Maybe you can relate.
Fast food restaurants call out to you. And, let’s face it; you’re hungry all the time.
You tell yourself, I’ll start first thing tomorrow. But your alarm doesn’t go off. You grab a cup of coffee, and someone at work has brought in doughnuts.
Another week, month, year goes by, and eventually your calendar reminds you of the return appointment to your doctor. You rush out to buy vegetables and fruit. Your stuff yourself on plain yogurt and celery sticks and hope your doctor won’t notice the ten-pound weight gain.
“I'll do it, Doc. This is a wake up call.” But what you really want to say is, “Do you have any idea how hard it is to lose weight? Do you know how much I hate exercise? I have a life, you know. This is a very bad time to ask me to do these things, to cut out the sweets, the rich foods. It's my birthday or vacation time or holiday time or summertime, springtime...”
You just want to get out of there. As he’s writing the prescription, you sneak a look. Under that lab coat you see a little flab around his middle. Secretly, you feel vindicated.
I have a friend who when faced with a delicious, chocolate chip cookie would tell me, “We’re all going to die anyway, so why not enjoy ourselves?”
The same friend would remind me with nostalgia of lovely figure she “used to have.” Aware of current styles, she anticipated the next season, by which time she would have “lost 10 or 20 pounds.”
I felt compelled to offered fact-based, boring, medical information as to why taking charge of her weight would be a good idea: family history of diabetes, risk of high blood pressure, increased energy and a family who needed her to be a healthy role model. When she’d glaze over, I’d remind her how cute she’d look in those new jeans we’d seen at the mall.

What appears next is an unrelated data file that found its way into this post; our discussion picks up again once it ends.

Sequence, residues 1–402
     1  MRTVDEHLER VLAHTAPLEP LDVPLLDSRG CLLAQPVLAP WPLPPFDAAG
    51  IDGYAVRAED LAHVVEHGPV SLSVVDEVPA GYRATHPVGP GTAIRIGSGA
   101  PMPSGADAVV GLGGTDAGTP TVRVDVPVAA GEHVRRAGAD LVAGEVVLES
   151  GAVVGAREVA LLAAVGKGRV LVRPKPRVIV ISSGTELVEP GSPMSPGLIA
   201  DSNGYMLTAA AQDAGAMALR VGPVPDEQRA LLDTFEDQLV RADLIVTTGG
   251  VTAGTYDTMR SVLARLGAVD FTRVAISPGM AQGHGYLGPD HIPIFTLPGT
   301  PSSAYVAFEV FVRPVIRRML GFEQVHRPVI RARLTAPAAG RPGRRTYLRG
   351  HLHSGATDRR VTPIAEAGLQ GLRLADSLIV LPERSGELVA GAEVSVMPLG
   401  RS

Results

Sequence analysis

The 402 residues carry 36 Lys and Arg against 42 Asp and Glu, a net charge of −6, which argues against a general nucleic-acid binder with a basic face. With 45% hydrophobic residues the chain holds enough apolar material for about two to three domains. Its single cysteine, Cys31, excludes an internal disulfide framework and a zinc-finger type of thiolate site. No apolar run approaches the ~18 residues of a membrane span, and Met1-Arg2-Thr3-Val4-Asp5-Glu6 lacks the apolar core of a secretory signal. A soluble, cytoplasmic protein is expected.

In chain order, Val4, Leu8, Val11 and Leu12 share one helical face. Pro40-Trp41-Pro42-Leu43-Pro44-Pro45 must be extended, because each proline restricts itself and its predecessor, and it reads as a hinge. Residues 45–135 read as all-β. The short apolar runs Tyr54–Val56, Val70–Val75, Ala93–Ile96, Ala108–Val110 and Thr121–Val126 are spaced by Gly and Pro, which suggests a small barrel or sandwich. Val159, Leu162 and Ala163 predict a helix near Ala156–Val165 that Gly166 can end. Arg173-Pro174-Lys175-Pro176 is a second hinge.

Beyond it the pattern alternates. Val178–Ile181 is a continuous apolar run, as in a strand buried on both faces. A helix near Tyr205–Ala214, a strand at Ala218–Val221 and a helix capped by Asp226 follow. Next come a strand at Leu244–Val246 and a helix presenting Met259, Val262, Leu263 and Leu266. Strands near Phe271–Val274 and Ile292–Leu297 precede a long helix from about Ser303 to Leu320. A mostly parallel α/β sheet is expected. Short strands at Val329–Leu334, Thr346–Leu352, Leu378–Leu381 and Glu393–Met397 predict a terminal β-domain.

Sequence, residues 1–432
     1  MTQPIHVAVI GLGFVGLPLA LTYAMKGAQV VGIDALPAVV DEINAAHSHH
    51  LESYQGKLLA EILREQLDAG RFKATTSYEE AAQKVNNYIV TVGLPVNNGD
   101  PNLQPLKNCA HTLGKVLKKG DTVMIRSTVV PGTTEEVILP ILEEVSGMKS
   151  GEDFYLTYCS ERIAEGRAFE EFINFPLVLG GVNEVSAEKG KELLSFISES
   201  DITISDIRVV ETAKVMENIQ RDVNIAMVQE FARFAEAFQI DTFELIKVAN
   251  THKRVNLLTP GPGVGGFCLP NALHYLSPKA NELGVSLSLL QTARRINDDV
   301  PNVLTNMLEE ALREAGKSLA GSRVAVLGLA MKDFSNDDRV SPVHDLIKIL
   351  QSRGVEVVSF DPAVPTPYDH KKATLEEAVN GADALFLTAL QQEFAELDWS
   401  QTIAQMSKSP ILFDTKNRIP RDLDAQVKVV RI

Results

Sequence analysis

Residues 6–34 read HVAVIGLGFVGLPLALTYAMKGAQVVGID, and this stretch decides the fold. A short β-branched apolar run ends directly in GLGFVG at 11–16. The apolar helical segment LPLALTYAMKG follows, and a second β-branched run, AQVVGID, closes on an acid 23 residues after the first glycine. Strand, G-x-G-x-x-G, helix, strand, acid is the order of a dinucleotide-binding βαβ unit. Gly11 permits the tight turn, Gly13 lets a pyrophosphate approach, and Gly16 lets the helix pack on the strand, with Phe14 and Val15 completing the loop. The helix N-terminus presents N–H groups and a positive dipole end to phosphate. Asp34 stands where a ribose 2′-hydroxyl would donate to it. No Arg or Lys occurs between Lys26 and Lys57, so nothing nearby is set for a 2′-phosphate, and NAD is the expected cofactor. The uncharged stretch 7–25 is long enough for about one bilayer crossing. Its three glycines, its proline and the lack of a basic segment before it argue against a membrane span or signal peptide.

She continued to eat cookies, but I felt hopeful. I knew something she didn’t. She was on the brink of change. She had already progressed into the second stage of Behavioral Change, the Contemplative Stage.
If you are reading this, you are likely way ahead of those Pre-Contemplative types, who haven’t given Preventative Health a thought. If you are thinking of or talking about losing weight, giving up smoking, taking up exercising, going for regular mammograms, anything healthful, be hopeful. Sometime in the future you will replace intention with action?
My friend was partially right. If we allowed our human condition to overwhelm our consciousness, we might just stay in bed, eat bon-bons, and wait for the end to come. But miraculously we choose to get up every morning. We affirm life and our desire to make things better. We get on with it. We offer our talents and efforts at work or school or home. We look forward to having fun. We love and are loved back. We balance that sense of futility with hope.
So how did contemplation move my friend into the next stage, A Plan?
One day a couple of her friends showed up at her door for an evening walk. She took a tiny bite of the elephant. Her friends showed up another night, and she went for another walk. They showed up another night, and she went for another walk. Another night, she went for another walk…
Her positive self- image re-emerged. She saw that as a healthier person, she might have more years with her children and grandchildren. Her energy came back. In the process her blood pressure improved. Then, she discovered dancing, and found she was good at. People started to tell her how fantastic she looked. Caught in the loop of life-affirming experiences, her new habits became part of her life.
She still eats cookies, but she finds enjoyment in other things too. She has moved into the next stage of Behavioral Change, Maintenance.
This week, take a nibble. Contemplate. And while you do, walk around the block or up a flight of stairs. Ask yourself: If I had a plan, what, if anything, would I be willing to do today?